Originally created 08/19/00

PGA notebook

LOUISVILLE, Ky. - If this was Jack Nicklaus' final appearance at the PGA Championship, the Golden Bear gave his fans quite a thrill Friday.

After opening with a 5-over 77 at Valhalla Golf Club, a course he designed, Nicklaus made a run at making the cut. He birdied the first two holes, but stumbled on the back nine with a pair of bogeys. On the final hole, Nicklaus almost holed his third shot on the par-5 18th. He settled for a tap-in birdie and a round of 71, leaving him four over for the tournament.

"I knew it was a good shot," said Nicklaus, who has won a record 18 professional majors. "It was a nice way to finish the tournament."

Although not all players were able to finish the second round, Nicklaus was above the projected cut.

Nicklaus has said this year would be the final time he would play all four majors in the same year. He made the cut at the Masters Tournament this spring, but missed cuts at the U.S. and British Opens.

"If I can't be good enough to compete, then there really isn't any sense for me to play," Nicklaus said. "I hate to finish on a Friday and I have the last three (majors)."


Former PGA champion John Daly continues to struggle, both on and off the golf course.

In position to make his first cut in a major this year, Daly imploded in the 82nd PGA Championship at Valhalla Golf Club. After opening with 74, the long hitter was even par through 12 holes Friday. Then his troubles began.

Starting on No. 13, Daly went double bogey, bogey, par, bogey, triple bogey and triple bogey. It added up to a 10-over 82.

Daly, who has battled alcohol and gambling problems off the course, withdrew after the first round of this year's U.S. Open at Pebble Beach after an opening 83. He also missed cuts at the Masters and British Open.

In 19 events this year, Daly has earned only $93,402. Counting the PGA, he has missed 12 cuts. His best finish is a tie for 16th at the Honda Classic.


Should Tiger Woods win this week and match Ben Hogan's record of three consecutive victories in majors, he'll come to Augusta next spring with a chance to make even more golf history.

Nobody since Bobby Jones has won four consecutive majors did it in his Grand Slam year of 1930. In Jones' day, the U.S. and British Opens and the U.S. and British Amateurs made up golf's holy grail.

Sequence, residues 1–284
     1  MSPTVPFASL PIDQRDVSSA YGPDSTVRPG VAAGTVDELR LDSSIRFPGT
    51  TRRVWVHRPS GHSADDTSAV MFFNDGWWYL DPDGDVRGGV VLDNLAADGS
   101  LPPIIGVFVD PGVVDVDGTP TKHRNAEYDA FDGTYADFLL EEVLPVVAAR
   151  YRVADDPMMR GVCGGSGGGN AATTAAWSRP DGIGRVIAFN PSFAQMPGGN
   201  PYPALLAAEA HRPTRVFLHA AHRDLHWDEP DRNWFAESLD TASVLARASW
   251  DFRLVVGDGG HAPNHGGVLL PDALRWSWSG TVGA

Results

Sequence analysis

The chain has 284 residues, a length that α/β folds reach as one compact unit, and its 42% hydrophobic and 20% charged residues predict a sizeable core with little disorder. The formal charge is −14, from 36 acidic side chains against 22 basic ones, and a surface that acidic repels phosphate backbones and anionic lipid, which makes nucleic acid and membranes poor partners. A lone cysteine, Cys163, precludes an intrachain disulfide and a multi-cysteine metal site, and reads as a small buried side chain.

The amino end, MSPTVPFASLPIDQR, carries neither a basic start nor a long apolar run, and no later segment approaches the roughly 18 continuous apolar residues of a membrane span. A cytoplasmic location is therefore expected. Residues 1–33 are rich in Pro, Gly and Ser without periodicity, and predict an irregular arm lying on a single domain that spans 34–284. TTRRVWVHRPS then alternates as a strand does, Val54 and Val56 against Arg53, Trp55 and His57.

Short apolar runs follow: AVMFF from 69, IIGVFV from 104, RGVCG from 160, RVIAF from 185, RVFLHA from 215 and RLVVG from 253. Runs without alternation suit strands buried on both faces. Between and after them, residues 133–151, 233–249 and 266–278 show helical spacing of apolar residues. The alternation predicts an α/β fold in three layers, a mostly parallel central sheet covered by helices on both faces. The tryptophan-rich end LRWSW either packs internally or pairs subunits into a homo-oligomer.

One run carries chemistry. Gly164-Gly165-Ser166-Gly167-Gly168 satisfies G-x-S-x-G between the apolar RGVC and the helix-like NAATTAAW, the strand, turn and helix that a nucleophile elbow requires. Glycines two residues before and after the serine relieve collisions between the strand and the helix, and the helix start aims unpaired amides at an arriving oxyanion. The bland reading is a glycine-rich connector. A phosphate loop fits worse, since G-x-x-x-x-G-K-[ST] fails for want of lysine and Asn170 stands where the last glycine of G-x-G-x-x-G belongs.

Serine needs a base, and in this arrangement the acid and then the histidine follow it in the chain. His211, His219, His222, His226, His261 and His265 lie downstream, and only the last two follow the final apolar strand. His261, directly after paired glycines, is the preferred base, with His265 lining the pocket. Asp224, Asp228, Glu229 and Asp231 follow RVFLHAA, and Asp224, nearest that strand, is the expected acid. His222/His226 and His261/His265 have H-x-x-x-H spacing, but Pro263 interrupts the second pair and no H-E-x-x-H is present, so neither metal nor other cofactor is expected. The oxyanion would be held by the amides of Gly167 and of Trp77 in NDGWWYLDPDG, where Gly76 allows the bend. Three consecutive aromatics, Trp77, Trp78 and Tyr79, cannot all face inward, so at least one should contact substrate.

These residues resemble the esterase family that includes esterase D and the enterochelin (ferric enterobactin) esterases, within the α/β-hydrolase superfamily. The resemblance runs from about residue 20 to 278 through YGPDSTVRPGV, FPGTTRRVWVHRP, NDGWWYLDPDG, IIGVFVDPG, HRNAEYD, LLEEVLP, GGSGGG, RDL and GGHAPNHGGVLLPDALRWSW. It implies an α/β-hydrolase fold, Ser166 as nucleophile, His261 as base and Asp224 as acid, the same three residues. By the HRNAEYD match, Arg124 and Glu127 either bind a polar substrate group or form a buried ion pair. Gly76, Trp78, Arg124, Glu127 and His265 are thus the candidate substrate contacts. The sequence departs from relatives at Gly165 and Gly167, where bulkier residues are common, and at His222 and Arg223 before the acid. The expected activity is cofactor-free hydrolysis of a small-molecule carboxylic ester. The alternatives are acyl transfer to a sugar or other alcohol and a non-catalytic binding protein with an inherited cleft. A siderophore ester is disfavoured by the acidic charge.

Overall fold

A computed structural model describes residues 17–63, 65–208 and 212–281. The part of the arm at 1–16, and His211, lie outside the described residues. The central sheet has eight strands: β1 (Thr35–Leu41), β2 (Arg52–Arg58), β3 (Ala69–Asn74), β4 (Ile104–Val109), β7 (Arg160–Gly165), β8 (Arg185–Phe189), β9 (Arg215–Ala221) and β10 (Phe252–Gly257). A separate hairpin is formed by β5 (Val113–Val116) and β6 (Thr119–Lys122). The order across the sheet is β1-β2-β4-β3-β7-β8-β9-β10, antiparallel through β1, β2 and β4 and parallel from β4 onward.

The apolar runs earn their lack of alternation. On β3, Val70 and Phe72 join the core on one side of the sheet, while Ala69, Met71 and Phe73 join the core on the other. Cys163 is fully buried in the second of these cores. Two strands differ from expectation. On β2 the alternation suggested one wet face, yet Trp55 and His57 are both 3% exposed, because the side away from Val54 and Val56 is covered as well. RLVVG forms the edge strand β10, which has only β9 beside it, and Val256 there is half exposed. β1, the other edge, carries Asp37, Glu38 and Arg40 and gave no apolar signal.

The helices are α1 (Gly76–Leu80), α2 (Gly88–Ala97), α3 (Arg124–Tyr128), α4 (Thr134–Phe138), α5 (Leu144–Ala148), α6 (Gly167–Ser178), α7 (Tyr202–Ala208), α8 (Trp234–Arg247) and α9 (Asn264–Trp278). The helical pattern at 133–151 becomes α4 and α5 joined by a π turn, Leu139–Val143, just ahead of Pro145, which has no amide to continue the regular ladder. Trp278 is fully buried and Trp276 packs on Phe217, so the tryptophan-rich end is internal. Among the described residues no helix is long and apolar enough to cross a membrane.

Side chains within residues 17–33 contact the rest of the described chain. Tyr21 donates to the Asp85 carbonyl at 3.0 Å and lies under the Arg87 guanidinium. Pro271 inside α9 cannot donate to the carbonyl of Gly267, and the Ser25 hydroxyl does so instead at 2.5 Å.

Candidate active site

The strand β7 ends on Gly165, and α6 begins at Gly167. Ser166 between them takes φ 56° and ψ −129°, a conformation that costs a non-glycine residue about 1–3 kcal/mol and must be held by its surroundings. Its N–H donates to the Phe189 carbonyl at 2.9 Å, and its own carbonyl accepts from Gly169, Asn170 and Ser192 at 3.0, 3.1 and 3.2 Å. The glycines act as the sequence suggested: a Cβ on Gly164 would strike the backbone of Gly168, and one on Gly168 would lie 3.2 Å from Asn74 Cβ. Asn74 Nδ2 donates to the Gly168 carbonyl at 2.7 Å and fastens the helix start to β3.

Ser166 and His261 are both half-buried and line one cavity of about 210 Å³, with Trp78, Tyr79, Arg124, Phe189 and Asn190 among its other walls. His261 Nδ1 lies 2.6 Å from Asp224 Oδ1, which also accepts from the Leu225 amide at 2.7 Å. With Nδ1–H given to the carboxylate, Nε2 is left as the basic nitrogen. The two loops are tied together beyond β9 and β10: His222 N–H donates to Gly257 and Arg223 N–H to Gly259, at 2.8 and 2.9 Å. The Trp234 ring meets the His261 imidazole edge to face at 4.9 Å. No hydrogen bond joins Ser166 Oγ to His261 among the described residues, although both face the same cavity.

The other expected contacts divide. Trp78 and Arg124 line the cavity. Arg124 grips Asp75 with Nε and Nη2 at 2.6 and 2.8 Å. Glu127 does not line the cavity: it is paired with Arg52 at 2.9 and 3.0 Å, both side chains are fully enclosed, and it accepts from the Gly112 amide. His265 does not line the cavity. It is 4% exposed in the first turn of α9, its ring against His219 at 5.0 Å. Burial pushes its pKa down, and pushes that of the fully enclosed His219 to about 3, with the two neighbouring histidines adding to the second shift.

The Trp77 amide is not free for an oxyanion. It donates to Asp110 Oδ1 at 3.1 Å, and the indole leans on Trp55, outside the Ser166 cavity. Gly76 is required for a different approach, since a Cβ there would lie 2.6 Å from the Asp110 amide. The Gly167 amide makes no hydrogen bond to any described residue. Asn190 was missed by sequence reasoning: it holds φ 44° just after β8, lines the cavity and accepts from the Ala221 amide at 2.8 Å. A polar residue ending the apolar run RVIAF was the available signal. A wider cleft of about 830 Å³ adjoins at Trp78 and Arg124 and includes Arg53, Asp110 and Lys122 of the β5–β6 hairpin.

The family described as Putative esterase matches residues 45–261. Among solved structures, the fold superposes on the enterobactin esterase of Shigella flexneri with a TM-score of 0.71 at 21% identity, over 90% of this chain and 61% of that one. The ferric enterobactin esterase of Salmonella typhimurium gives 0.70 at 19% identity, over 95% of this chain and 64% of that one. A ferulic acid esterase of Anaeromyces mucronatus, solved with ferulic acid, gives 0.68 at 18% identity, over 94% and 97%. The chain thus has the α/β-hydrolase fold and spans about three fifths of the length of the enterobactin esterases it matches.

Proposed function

The closest anyone has come to winning four majors in a year was Hogan, who turned the trick in 1953. Hogan did not compete in the PGA that year because it conflicted with the British Open, which he won at Carnoustie.

"Bantam Ben" came close to winning four majors in a row, though. The following spring, he lost an 18-hole playoff by one stroke to Sam Snead at the Masters.


Vijay Singh also was expected to miss the cut, shooting rounds of 77 and 71.

The reigning Masters champion never could gain any momentum, shooting a 1-over 37 on the front nine Friday. On the back nine, after a bogey on the par-5 10th, Singh birdied three of the final seven holes to make a late rally.

Winless since the Masters, Singh had put together solid showings in the majors prior to this week. He tied for eighth at the U.S. Open and tied for 11th at the British Open.

Singh was paired with Woods and Nicklaus the first two rounds.


With 91 of the top 100 players entered, this week's PGA Championship ranks as the second toughest field in golf history. Using the World Golf Ranking, this year's PGA amassed 764 rating points.

Last year's PGA at Medinah is ranked as the top field of all time with 787 points, including 92 of the top 100 players.

The 1999 Masters Tournament, with 738 points, is ranked 10th on the all-time list. This year's Masters had 733 points, ranking it ahead of the U.S. Open at Pebble Beach, which had 713. The British Open, held last month at St. Andrews, had 741 points.


Rocco Mediate, who won last week's Buick Open, had to withdraw from the tournament Friday. On Thursday, the chair Mediate was sitting on collapsed and he injured his neck, shoulder and back. He shot a first-round 77.

Tom Lehman, who posted a 10-over 82 in the opening round, also withdrew Friday. A sore knee kept him from continuing play. And Jim Carter and two-time Masters champion Ben Crenshaw also pulled out. Carter and Crenshaw, who shot 85 and 83 respectively, gave no reason for withdrawing.


Mark Brooks, who won the PGA when it was held at Valhalla in 1996, posted rounds of 78-71 to miss the cut ... Artist LeRoy Neiman, whose work is famous the world over, was stretched out Friday near the first tee at Valhalla. The mustachioed Neiman was smoking a cigar and sketching players ... The par-5 second hole is playing the easiest this week at Valhalla. On Thursday, it yielded four eagles. On Friday, Craig Stadler and Greg Chalmers made eagles.

Reach John Boyette at (706) 823-3337 or jboyette@augustachronicle.com.


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